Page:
Hundreds of protesters are expected to flock to Holyrood this week to call on the government to improve conditions for housing tenants.
The demonstration this Thursday 18 December will call on the Scottish government to introduce a Living Rent as part of its consultation into tenancy reform.
The rally, which is organised by the Living Rent Campaign, will pressure Holyrood for the introduction of rent controls – laws which limit how much landlords can charge. In addition, it is demanding more protection for tenants from eviction and more flexibility and security for tenants.
Alyson MacDonald, the campaign’s press officer, told CommonSpace that they saw the consultation as a “launching pad” for raising tenancy issues.
“We want to pressure the Scottish government into improving the situation for tenants,” she said. “There is simply not enough protection for tenants just now. We will keep campaigning for rent controls until we get it.”
According to figures from Edinburgh Private Tenants Action Group (EPTAG), over the past four years monthly rents for two-bedroom properties have increased by 11.1 per cent in Glasgow, 17.2 per cent in Edinburgh and 39.8 per cent in Aberdeen, while wages have stayed much the same.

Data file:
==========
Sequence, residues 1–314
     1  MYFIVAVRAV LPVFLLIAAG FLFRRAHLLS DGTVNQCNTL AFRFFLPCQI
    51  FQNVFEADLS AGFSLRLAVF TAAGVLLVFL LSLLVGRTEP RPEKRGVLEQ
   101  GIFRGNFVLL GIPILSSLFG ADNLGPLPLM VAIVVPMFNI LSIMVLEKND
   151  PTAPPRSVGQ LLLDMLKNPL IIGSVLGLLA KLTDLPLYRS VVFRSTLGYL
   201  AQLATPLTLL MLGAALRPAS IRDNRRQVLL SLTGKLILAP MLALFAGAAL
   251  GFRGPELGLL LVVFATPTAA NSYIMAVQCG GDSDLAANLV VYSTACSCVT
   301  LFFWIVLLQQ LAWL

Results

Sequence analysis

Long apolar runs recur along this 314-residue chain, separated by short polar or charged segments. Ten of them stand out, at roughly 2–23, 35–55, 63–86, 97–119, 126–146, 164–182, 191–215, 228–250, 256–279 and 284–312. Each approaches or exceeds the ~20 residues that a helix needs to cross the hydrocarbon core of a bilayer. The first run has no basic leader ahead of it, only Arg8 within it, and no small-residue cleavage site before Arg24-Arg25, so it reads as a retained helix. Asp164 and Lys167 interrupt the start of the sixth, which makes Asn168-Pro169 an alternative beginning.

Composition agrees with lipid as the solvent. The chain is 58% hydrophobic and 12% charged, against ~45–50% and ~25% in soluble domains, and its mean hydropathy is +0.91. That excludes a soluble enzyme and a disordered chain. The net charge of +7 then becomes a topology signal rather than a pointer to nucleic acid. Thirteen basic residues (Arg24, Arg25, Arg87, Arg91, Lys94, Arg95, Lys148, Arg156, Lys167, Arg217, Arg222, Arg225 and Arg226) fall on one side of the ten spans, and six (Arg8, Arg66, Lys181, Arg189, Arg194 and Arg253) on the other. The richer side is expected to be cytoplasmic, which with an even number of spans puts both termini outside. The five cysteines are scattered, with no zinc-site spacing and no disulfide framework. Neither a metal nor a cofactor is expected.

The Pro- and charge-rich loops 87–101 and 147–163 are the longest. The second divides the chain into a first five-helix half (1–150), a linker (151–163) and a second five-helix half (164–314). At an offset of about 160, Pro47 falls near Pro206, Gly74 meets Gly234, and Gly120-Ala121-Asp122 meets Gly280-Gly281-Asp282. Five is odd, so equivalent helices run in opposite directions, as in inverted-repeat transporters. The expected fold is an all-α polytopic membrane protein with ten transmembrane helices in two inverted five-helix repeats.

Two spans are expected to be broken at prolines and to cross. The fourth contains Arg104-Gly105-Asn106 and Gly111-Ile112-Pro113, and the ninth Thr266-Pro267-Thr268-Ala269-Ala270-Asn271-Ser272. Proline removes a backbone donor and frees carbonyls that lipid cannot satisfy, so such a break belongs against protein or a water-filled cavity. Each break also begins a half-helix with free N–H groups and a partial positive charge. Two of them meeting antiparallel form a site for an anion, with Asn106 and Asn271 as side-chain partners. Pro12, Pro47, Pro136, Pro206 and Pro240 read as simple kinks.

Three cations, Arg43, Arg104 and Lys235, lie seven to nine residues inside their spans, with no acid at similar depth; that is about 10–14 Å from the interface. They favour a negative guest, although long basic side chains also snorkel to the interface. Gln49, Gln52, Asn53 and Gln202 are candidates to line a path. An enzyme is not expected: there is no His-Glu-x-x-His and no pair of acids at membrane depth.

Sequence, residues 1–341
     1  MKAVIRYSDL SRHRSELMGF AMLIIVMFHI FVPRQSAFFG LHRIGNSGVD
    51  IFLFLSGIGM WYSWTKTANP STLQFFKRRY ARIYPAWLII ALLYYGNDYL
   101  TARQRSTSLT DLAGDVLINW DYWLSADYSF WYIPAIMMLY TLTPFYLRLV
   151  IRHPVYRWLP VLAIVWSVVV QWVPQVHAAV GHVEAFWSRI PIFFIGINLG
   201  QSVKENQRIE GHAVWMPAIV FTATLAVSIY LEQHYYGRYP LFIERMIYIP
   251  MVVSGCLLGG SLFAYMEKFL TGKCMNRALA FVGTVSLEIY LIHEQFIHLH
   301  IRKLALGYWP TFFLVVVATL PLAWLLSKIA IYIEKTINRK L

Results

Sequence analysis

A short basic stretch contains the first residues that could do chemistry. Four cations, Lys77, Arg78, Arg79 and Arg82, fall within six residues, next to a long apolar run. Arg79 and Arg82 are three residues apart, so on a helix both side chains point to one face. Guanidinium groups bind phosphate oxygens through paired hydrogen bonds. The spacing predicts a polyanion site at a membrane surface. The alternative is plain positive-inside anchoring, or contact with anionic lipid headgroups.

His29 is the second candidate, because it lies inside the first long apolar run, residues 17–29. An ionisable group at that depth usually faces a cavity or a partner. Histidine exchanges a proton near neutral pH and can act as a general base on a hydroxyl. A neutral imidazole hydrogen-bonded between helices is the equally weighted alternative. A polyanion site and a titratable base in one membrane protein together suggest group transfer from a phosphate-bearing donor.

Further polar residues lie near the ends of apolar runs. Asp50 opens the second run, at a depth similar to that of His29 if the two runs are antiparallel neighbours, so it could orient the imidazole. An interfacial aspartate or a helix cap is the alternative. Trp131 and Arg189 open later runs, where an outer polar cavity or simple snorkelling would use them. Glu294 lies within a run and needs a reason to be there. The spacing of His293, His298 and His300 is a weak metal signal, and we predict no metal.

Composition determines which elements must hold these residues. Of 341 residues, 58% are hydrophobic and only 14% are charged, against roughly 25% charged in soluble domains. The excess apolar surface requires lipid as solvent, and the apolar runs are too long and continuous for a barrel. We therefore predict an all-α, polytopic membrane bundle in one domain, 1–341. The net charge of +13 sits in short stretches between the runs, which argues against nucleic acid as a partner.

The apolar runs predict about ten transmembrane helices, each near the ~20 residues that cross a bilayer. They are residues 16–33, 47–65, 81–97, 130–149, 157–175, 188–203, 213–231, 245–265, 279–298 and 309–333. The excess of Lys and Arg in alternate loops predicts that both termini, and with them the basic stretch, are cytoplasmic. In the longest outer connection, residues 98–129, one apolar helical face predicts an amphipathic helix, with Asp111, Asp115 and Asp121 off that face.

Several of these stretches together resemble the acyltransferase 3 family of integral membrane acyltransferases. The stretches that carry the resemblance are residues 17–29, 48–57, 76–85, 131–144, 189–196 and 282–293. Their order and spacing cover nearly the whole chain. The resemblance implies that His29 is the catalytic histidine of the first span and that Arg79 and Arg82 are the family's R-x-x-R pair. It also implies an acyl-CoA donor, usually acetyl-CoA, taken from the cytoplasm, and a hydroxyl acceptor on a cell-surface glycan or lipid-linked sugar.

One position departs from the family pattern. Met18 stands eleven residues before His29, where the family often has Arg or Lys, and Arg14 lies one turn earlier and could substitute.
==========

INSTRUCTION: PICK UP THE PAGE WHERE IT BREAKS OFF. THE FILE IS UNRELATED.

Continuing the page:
HomeLet reports that the average tenant in Edinburgh spends nearly half of their income on rent. In Aberdeenshire, the average monthly rent for a two-bedroom property is PS898, in Lothian it is PS779 and in Greater Glasgow it is PS626.
Rent controls are used elsewhere in several other European countries, including Germany and the Netherlands.
A Scottish government spokesperson said: “The Scottish government is committed to making the private rented sector an attractive and affordable housing option for anyone who wants to live in it.
“We do recognise that rising rents can be a problem in some areas which is why we are currently consulting and inviting views on a new tenancy for the private rented sector.”
The Living Rent campaign is backed by the National Union of Students (Scotland), EIS University Lecturers Association, Acorn Scotland and EPTAG.
Picture courtesy of GlasgowFoodie